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March 28, 2013
A physically exhausted Solomon Hill stood in a corridor of the Galen Center, his tone firm and message clear: Arizona needed players to realize both their roles and potential, otherwise his career would end in disappointment.
It was exactly one month ago today that Hill and fellow Wildcats senior Kevin Parrom were looking for answers from their teammates. One month to the day, and all of two miles away at the Staples Center, yet worlds apart.
The Pac-12 Conference loss UA suffered that night in Los Angeles is light-years from the Wildcats' NCAA West Regional semifinal showdown with Ohio State. The disappointment of not winning a league championship is replaced with the motivation of appearing in the program's fifth Final Four, and first in 12 years.
Hill understood the significance of the win one month today, and he certainly does now.
"As you get older, you start to understand the magnitude of games when you play inside a building like the Staples Center," Hill told reporters at Wednesday's press conference.
A matchup with a talented OSU side is an opportunity for Hill to rewrite the script on his L.A. story. He suffered through a frustrating return to his hometown last month. But every good screenplay produced in this city has its protagonist overcome Act II adversity.
"[The team captain's duty is] just getting the younger guys to understand that every time you step on the floor, you leave it all out there, kind of how I do it in practice," Hill said. "If you're slacking in practice, they're going to make an example out of you. It's just to prepare you for a game like this."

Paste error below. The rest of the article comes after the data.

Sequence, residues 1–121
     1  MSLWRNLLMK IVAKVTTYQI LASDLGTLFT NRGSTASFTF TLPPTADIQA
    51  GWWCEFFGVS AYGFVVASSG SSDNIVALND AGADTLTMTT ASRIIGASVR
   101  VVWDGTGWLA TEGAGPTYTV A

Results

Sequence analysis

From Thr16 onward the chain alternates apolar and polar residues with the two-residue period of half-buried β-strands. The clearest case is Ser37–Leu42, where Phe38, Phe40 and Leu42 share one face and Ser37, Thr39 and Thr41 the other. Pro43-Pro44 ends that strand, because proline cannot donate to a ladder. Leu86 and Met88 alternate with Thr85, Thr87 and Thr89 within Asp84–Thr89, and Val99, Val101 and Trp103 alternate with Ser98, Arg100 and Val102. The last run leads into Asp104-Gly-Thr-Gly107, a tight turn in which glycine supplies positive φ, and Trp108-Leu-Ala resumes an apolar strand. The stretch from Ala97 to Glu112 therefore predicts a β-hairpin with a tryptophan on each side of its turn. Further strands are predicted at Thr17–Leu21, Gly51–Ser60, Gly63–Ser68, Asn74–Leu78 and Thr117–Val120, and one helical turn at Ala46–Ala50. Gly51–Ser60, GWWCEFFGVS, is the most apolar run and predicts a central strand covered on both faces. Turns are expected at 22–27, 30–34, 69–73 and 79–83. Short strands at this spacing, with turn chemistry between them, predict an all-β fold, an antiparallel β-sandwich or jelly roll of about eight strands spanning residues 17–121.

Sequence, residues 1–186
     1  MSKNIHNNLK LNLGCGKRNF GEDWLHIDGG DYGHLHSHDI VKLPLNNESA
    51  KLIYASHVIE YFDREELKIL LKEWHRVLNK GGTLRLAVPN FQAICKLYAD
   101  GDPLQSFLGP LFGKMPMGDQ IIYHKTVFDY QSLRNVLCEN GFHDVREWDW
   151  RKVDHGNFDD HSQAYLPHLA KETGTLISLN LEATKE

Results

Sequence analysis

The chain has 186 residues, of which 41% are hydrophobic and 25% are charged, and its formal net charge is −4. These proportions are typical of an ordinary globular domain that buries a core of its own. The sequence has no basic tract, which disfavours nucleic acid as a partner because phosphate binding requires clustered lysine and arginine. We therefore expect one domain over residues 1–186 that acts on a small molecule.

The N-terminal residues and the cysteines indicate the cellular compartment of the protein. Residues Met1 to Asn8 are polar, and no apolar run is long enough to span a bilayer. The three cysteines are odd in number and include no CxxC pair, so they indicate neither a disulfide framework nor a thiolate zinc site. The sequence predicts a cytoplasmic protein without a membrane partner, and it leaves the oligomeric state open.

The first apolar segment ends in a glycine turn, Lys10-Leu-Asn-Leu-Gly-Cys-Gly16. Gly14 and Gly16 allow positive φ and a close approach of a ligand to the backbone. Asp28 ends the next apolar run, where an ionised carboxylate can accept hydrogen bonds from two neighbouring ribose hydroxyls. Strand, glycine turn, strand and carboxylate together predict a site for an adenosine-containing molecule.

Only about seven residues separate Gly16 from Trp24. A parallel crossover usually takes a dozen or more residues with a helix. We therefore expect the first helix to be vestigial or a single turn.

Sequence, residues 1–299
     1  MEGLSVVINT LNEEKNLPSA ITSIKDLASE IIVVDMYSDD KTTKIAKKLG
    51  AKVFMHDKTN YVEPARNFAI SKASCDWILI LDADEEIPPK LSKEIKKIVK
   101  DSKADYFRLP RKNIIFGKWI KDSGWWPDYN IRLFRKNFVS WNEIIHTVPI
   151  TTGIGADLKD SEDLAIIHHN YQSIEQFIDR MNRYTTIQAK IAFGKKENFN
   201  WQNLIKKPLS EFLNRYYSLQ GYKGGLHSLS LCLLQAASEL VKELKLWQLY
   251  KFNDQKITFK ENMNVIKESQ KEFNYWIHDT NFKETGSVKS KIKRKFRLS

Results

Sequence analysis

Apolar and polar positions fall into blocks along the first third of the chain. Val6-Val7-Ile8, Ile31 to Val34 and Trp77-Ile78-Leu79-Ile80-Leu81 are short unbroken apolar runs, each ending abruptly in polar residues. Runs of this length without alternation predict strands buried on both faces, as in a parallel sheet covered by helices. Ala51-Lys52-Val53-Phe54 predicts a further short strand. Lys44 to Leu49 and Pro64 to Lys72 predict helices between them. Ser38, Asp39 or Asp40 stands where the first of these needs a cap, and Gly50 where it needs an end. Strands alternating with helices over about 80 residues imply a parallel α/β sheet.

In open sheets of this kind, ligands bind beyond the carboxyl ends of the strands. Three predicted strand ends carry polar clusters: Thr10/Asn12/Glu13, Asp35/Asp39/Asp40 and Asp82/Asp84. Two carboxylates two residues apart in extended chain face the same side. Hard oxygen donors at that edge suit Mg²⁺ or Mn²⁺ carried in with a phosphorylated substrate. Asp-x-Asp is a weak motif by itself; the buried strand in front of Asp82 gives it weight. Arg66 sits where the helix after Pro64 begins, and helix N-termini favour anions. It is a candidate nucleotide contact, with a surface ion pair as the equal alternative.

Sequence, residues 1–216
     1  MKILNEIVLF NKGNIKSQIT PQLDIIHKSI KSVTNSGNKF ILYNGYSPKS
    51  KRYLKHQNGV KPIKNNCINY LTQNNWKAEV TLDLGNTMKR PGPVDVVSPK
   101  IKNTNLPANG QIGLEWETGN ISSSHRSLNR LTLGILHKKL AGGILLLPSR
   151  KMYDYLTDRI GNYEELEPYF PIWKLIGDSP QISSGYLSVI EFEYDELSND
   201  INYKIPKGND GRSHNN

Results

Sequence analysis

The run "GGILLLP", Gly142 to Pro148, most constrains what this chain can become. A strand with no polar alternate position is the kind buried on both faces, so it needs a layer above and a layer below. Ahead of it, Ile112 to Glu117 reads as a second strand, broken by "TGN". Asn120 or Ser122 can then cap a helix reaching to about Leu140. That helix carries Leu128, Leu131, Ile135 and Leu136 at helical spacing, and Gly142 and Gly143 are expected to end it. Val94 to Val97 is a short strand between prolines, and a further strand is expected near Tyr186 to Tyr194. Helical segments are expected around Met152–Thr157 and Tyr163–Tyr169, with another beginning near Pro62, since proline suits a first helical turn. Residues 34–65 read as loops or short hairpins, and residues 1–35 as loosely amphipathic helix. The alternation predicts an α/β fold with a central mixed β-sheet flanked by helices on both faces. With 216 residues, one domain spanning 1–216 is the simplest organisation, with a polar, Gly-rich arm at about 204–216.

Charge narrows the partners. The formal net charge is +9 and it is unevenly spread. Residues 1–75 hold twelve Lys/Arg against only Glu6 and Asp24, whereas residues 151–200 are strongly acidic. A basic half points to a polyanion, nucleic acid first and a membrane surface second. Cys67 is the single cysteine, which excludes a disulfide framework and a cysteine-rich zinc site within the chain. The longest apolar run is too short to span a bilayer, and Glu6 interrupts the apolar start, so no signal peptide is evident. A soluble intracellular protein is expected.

As he has taken the lead in preparation during practice, Hill also has taken it upon himself to guard the Buckeyes' star. Forward Deshaun Thomas is among the most talented players in all of college basketball. NBA pundits are drooling over his game, and with good reason. He's scoring at a 20-point-per-game clip, a feat of particular significance when factoring the defensive style OSU plays.
Slowing Thomas from the outset is key, as is disrupting the Buckeyes' rhythm. When UA was last in Southern California, its inability to dictate tempo resulted in two losses. That's a harsh lesson to which Hill alluded.
"Every possession matters. It doesn't come down to the last 10 seconds of the game. It's the whole build up to the end of the game," Hill said. "So guys can't just turn it on, you have to turn it on in the beginning if you want to finish that way."
UA has had no trouble starting with intensity in its first two NCAA tournament games, leading both Belmont and Harvard from first basket to final buzzer.
Assorted experts had the Wildcats penciled in for a Round of 64 exit, given UA's late season struggles - the L.A. losses included. But such a departure is not what attracted Mark Lyons to UA.
"This is what I came here for," he said.
Lyons reached the Sweet 16 while at Xavier, and UA had 14 runs to this round prior to this most recent. But Lyons is in pursuit of more.
Lyons became the face of UA's conference struggles - fairly or not. If the NCAA Regional is an opportunity for the captain Hill to secure that big hometown win that eluded him last time, for Lyons it's an extension of his ongoing redemption story.
The senior guard is pacing the Wildcats with 50 points through two tournament wins. His ability to both attack the rim and shoot from deep is central to UA's offensive efforts.
In OSU, he faces Aaron Craft, often considered the best on-ball defender in college basketball. Continuing his hot scoring run is no easy feat, but Lyons has a supporting cast behind him.
"My teammates, I knew before I got here that they had a lot of faith in me," he said. "My coach had a lot of faith in me. When I committed here, I didn't expect anything else but to go as far as I could in the NCAA tournament."